Blast from the past: Roland Juno-106

The Juno-106 sold for £799 between 1984 and 1988
The Juno-106 sold for £799 between 1984 and 1988

It's easy to understand why some instruments have achieved legendary status. Sequential Circuits' Prophet-5, for example, offered innovative features like polyphony and programmability in a classy package, and even a cursory play on a Minimoog leaves little doubt that it was a performer's dream machine.

Why, though, has Roland's Juno-106 entered the divine synth pantheon? Surely not because it was in any way a comprehensive synthesizer, offering as it did only a single DCO for each of its six voices, an all-too-familiar (if satisfyingly squelchy) 24dB filter and a single four-stage envelope generator shared by filter and amplitude circuits. And the LFO? A laughable affair with a single waveshape. Performance features were similarly anaemic - no velocity functions or aftertouch here, just Roland's favoured horizontally-aligned 'bender' and mod wheel plus a portamento knob.

It's a pretty generic list of specifications, not dissimilar to the many inexpensive polysynths that cropped up in the wake of the Prophet-5. So why the hubbub surrounding the 106? Certainly, much credit could be given to the sound of the machine. The DCO was joined by a sub oscillator that could add a bit of oomph, and the available pulse and the DCO's sawtooth waveforms could be used simultaneously to create interesting hybrids of the two. Roland's dependable four-pole resonant low-pass filter was joined by a simple high-pass, adding timbral variety. Then, too, there was that now-famous Roland chorus circuit, an analogue bucket-brigade design resulting in a thick swirl - the perfect companion to the Juno's noise generator.

Reasonable enough, to be sure, but do such niceties justify the instrument's sustained popularity? Possibly. As any 106 owner will tell you, this is an instrument on which it's easy to learn the basics of synthesis. More importantly, its solid, stable sound provides an encouraging impetus to dig in. Parameters values can be transmitted over MIDI (albeit in SysEx form), and thus recorded into a sequencer or software editor/librarian. The 106's MIDI implementation was partially responsible for the instrument's longevity in the secondhand market.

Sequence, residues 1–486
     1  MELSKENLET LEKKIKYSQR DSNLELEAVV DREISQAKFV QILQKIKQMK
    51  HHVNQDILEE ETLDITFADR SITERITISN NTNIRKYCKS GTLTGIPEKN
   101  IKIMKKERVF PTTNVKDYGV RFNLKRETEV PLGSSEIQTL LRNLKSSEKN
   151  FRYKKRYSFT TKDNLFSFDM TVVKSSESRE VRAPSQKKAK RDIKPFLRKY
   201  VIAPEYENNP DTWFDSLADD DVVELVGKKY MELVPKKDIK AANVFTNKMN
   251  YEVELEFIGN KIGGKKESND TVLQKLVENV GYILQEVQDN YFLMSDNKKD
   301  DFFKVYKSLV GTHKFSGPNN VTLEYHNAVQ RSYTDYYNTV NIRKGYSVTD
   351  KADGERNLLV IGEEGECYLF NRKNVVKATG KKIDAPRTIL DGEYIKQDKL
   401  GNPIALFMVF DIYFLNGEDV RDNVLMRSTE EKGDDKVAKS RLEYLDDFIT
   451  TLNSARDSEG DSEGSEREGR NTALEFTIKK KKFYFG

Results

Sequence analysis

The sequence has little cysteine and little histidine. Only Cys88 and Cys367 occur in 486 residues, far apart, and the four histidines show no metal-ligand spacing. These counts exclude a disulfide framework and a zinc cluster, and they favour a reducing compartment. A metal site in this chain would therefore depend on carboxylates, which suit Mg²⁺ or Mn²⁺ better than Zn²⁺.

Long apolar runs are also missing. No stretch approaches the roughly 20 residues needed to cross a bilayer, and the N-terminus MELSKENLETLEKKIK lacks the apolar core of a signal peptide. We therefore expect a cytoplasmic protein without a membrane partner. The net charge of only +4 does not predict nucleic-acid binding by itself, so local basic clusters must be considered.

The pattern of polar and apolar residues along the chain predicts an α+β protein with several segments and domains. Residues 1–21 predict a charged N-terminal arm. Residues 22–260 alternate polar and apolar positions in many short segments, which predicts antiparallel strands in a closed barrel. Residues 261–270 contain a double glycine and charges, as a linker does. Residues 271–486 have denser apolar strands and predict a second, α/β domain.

The Juno-106 enjoyed healthy sales, and it's still numerous enough to be found for reasonable prices. A 'home' version with built-in speakers was also available in the form of the HS-60 (or Juno-106S in Japan). If you can find one, Roland's multitimbral MKS-7 module provides two and four voice channels with nearly identical architecture to that of the 106, with an added monophonic bass synth and a smattering of samples from Roland's TR-707 drum machine. Out of the box, the MKS-7 is a preset-only affair, but most Juno-106 editors will allow you to edit the sounds to your liking. Another bonus? The MKS-7 versions respond to incoming keyboard velocity.

As you may have guessed, the rudimentary synthesis of the Juno-106 is easily replaced by software variants, of which there are plenty around. Like the hardware from which they take inspiration, such clones are excellent synths on which to learn the ropes.

Three software Juno-106 alternatives

u-he DIVA

Urs Heckmann's divine DIVA features a choice of vintage-emulating oscillator, filter and envelope modules that can be mixed and matched as you like. DIVA's DCO module was actually inspired by Roland's later Alpha Juno synth, but this plugin is equally adept at aping any one of the Junos, including the 106.



For those of you on a budget and assuming you use Windows, there is the free DCO-6, a spiffy parameter-for-parameter copy of the venerable Juno-106. Like the instrument from which it takes its name, DCO-6 provides a quick and easy answer when you need those spiky basses, swirling pads or piercing portamento lead sounds.


Togu Audio Line TAL-U-NO-LX

Though not specifically cloned from a Juno-106, TAL-U-NO-LX is based on the 106's immediate predecessor, the Juno-60, which shared a nearly identical feature set with the 106. In fact, with its switches for saw and pulse waveforms and dual chorus options, TAL-U-NO-LX is closer to the 106 than many that claim to be direct copies.


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